Approaching storm could delay NASA moon rocket launch attempt


CAPE CANAVERAL, Fla. (TUSEN) – An approaching storm threatens to delay NASA’s next launch attempt for its new moon rocket, which has been grounded for weeks due to fuel leaks.

A tropical depression in the southern Caribbean is moving towards Florida and could become a major hurricane.

Managers said Friday the rocket is ready to launch Tuesday on its first test flight without astronauts, after overcoming more hydrogen leaks during a tank test earlier this week.

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NASA said it will continue to monitor the forecast and decide by Saturday whether it will not only delay the launch but drag the rocket off the pad and back to the hangar. Officials said it’s unclear when the next launch attempt would be — whether it’s October or even November — if the missile has to take shelter indoors.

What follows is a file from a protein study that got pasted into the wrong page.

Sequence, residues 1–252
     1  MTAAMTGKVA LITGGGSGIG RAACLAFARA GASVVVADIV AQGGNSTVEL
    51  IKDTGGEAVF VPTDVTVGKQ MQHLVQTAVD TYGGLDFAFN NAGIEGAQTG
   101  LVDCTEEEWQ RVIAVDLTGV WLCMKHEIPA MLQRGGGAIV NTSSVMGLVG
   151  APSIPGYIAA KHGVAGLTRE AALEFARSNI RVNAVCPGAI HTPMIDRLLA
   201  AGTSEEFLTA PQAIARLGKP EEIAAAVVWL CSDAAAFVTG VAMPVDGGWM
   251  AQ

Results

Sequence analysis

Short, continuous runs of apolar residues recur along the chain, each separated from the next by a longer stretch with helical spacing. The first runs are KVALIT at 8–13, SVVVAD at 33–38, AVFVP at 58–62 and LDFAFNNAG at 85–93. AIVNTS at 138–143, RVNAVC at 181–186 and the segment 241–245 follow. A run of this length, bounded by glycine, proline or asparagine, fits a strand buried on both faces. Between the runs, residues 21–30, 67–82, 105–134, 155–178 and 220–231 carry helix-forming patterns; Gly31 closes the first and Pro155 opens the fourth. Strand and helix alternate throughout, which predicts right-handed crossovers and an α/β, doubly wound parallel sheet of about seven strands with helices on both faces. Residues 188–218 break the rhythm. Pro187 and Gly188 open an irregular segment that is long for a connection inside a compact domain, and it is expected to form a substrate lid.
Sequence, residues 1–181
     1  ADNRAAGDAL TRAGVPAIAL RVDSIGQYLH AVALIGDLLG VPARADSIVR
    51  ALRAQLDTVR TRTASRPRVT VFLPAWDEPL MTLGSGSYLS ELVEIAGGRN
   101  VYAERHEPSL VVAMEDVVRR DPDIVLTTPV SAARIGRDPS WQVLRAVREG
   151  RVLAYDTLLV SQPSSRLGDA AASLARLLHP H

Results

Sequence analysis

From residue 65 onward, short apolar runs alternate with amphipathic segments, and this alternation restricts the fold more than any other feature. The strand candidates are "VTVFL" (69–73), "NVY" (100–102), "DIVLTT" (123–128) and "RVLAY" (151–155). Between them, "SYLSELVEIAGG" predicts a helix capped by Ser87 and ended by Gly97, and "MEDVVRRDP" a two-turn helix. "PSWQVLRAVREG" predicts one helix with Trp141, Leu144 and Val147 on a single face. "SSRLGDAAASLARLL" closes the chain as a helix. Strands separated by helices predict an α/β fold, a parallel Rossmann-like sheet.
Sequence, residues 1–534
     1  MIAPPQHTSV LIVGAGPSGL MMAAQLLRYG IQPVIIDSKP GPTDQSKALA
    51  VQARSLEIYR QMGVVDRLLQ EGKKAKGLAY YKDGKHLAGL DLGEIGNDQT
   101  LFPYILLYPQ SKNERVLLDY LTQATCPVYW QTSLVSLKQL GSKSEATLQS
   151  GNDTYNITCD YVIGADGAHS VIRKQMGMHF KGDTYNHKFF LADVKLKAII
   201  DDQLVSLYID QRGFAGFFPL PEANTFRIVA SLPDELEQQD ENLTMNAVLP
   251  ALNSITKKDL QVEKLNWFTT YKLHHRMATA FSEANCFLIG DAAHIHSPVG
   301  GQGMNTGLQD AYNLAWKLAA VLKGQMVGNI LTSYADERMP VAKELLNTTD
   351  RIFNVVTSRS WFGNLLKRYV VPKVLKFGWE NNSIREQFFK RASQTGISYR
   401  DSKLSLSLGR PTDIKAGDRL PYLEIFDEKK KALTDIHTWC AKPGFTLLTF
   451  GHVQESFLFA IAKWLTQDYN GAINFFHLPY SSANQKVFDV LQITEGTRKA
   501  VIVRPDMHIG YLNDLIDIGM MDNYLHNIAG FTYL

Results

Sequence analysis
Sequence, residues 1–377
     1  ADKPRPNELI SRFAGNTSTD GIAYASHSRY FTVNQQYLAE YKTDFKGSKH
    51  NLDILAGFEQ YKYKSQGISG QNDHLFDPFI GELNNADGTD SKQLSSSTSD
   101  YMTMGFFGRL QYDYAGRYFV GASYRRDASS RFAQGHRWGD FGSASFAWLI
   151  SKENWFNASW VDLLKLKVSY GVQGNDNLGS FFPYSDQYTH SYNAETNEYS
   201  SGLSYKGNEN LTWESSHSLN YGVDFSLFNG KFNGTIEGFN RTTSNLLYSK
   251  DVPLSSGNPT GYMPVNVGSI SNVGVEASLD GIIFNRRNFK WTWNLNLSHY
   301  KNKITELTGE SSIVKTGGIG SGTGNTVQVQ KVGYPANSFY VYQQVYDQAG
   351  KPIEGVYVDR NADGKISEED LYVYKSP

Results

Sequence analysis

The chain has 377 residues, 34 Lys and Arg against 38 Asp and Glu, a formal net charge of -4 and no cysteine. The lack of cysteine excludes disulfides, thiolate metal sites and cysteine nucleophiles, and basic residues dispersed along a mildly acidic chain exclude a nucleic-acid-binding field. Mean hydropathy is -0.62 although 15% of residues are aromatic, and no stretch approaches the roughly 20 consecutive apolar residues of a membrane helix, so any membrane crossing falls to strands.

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It takes three days of preparation to get the rocket back to the gigantic Vehicle Assembly Building at the Kennedy Space Center, four miles away.

“I don’t think we’re closing it,” said NASA’s Tom Whitmeyer, deputy associate administrator for exploration systems. “We’re taking it step by step.”

This would be the third launch attempt for the Space Launch System rocket, the most powerful ever built by NASA. Fuel leaks and other technical problems made the first two attempts unnecessary.

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The 98-meter rocket can withstand gusts of 85 mph (137 kph) on the trail, but only 46 mph (74 kph) once in motion.


The The US Express News Health and Science Department receives support from the Howard Hughes Medical Institute’s Department of Science Education. The TUSEN is solely responsible for all content.


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